Even though I knew Mia needed surgery when she was born, I could only ever semi-prepare myself for what lay ahead. I had, as always, done my research which involved lots of reading. I was also fortunate enough to be put in contact with Lissa, a local mother whose child had also been born with Oesophageal Atresia.
Lissa and I had met one morning for coffee just a few weeks before I gave birth. More than anything, the benefit of meeting and talking to someone about their experience was that it gave me hope. Here was a lady who has been in my shoes and she was able to talk about her experience of having a baby who needed surgery. She was calm, she was matter of fact and above all, she was realistic; the next few weeks and possibly months were going to be tough.
Despite knowing it would be tough I am not sure anything could have truly prepared me for the rollercoaster of emotions I felt; scared for Mia and her future, such sadness that we were spending the first days of her life in hospital without knowing how long we would be there and when we could go home, angry that this was happening to us, helpless and frustrated that there was so little I could do to help Mia, and, most significantly, an overwhelming feeling of love and pride for my tiny human.
Mia was born on the morning of Thursday 25th July and, as explained in my previous post, I was sadly unable to spend much time with her on this, her first day. Having finally been reunited on the Thursday afternoon I struggled with being apart from Mia whilst she was taken care of in the NICU and I was in the Maternity Ward. It didn’t seem right to me that she was down on the ground floor while I slept/rested and had my meals four floors away. Therefore, as soon as I was given the green light that I could move to be on the same floor, and along the corridor, from Mia I was there. In hindsight I probably wasn’t well enough to leave the maternity care when I did, however at this stage being able be near to and spend time with Mia was my absolute priority.
My first introduction to life in NICU was to witness the meeting of the surgeons. On this particular morning the key topic on the agenda was the planning for when Mia’s surgery would take place. The surgeons’ meetings, and being able to witness and interact with them, became something of a highlight of my day later on in our hospital stay. On this particular morning, however, I was disappointed to learn that Mia had to wait another day before she could have surgery.
In reality this delay was beneficial as it allowed me to spend almost 48 hours visiting, holding and bonding with my baby prior to what turned into the longest and most emotionally draining five days of my life.
Late on the Friday afternoon my parents and I met with Mia’s surgeon who talked us through what was due to happen and the likely outcome of the surgery which was scheduled to take place on the Saturday morning.
Based on the results of all the tests the doctors had performed on Mia they had been able to confirm that it looked like she had ‘long gap Oesophageal Atresia’. In OA/TOF terms this is deemed the worst-case scenario due to the fact that the gap between the two ends of the oesophagus is often too large to be able to bridge immediately.
As a result the first job for the surgeons was to create a gastrostomy or ‘G tube’. This tube passes into the stomach through the abdomen wall and allows the baby to feed through a tube. This procedure is done to allow the baby time to grow and give the two ends of the oesophagus a chance to grow and develop further before additional surgery is required in the future.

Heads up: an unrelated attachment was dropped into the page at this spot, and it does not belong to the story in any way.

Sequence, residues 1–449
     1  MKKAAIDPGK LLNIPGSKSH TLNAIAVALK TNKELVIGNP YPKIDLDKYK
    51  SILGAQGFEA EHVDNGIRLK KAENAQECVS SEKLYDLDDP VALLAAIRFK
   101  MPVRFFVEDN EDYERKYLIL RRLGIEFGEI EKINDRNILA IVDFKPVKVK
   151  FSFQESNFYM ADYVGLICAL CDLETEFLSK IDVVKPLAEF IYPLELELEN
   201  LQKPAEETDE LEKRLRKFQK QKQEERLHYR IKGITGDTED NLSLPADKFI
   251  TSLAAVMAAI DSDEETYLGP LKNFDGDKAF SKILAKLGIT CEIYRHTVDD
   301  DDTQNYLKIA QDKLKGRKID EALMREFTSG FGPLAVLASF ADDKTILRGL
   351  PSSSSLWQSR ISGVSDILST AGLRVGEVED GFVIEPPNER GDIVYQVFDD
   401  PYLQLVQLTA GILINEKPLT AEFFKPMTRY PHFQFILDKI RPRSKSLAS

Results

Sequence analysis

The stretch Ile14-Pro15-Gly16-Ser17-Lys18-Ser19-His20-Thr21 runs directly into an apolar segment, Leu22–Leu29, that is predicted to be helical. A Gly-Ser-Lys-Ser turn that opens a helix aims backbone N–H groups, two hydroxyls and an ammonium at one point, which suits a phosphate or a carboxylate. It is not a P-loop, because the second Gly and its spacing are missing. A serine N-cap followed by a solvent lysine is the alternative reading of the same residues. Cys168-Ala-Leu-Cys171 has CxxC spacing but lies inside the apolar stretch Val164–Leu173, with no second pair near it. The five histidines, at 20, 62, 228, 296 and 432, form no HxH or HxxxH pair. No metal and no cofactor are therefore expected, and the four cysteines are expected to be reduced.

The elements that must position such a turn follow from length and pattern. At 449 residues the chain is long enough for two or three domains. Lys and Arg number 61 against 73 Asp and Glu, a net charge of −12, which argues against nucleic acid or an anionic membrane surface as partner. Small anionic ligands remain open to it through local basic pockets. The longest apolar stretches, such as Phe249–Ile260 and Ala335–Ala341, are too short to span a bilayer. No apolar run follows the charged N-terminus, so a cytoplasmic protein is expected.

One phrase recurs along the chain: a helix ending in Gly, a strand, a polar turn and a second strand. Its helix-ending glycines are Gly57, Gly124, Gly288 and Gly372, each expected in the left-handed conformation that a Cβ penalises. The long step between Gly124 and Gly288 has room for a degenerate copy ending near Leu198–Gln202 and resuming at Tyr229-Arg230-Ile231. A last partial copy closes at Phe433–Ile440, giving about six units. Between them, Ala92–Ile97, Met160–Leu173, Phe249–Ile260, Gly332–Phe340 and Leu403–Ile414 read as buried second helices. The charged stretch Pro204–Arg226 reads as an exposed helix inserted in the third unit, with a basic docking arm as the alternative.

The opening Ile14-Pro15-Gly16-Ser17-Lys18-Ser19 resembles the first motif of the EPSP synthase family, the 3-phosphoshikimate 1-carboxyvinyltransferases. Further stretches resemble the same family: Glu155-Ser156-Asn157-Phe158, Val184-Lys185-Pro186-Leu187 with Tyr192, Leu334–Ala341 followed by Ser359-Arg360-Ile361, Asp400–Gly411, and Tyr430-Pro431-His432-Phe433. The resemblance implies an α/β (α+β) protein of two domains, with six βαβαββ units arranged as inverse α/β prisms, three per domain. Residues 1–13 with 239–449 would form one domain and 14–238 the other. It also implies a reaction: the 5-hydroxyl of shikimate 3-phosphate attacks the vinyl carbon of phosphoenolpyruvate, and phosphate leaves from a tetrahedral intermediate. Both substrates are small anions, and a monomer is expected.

In Mia’s case the surgeons were keen to investigate how stretchy both the ends of her oesophagus had become as it appeared that the top part of her oesophagus had grown longer than they usually see. This meant that there was a possibility they might be able to make a primary join of the oesophagus, but the chances were very small.
Based on this information, my own gathered knowledge and from all I had learnt from talking with Lissa, I knew it would be sensible for me to be cautious and to start to prepare myself that Mia could be heading for a long stay in hospital…
The initial plan was for Mia’s surgery to take place at 8.30am on the Saturday morning, therefore my Mum and Sara left home at the crack of dawn to spend some time with us before Mia went into surgery. However, it turned out that Saturday 27th July became ‘appendicitis day’ and before Mia could make it along to surgery there were eight emergency appendix operations that had to happen.
This turned out to be another blessing in disguise as it allowed us the whole morning and lunchtime to spend time with Mia and take it in turns holding her and showing her how loved she was. Although we were sitting in NICU surrounded by beeping machines, babies in incubators, nurses and doctors, we actually managed to have some treasured family time. As a result, when they came to inform us just before 2pm that Mia was now going to go along to surgery, I felt ready for her to go and endure the next part of her journey. When Mia was being taken to the operating theatre, I had opted to go with her. Although I knew I would not be allowed any further than the theatre door I felt it was important that I was there to ‘take her’.
The 20-minute journey from NICU to theatre across the hospital following Mia in her incubator is one which will stay with me forever. In that moment I was so afraid for what she was about to face, however I knew she was in the best possible hands and that I needed to be strong. She was so small and helpless, but I felt that if I could be strong then that would help her. And it did…